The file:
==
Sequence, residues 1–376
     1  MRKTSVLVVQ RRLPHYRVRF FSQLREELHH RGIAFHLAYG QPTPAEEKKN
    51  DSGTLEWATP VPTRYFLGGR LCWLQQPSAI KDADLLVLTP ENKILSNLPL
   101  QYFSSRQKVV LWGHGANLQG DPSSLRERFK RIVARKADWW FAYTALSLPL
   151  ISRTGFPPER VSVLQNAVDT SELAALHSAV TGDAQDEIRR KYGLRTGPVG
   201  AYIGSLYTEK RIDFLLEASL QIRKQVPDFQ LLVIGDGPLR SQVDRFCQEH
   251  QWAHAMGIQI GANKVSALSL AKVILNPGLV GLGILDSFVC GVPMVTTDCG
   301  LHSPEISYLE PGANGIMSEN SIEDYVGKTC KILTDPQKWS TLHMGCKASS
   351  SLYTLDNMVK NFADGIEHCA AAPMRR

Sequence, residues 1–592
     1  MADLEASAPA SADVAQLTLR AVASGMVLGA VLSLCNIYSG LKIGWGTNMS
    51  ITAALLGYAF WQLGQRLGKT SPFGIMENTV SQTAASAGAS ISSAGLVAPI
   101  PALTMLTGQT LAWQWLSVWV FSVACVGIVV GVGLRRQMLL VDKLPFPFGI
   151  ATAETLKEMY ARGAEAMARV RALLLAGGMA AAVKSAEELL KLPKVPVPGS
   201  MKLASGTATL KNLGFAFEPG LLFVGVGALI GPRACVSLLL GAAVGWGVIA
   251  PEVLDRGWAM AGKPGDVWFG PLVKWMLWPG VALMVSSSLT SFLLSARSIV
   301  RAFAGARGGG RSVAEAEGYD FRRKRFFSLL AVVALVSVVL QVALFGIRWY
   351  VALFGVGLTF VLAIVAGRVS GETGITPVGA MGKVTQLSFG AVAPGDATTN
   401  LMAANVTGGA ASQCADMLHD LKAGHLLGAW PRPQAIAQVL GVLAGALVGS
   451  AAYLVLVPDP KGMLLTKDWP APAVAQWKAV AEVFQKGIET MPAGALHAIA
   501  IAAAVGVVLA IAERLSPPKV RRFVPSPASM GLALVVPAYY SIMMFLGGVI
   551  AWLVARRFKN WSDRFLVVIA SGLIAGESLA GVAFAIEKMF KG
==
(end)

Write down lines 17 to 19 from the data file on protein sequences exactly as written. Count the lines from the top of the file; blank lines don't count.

   301  RAFAGARGGG RSVAEAEGYD FRRKRFFSLL AVVALVSVVL QVALFGIRWY
   351  VALFGVGLTF VLAIVAGRVS GETGITPVGA MGKVTQLSFG AVAPGDATTN
   401  LMAANVTGGA ASQCADMLHD LKAGHLLGAW PRPQAIAQVL GVLAGALVGS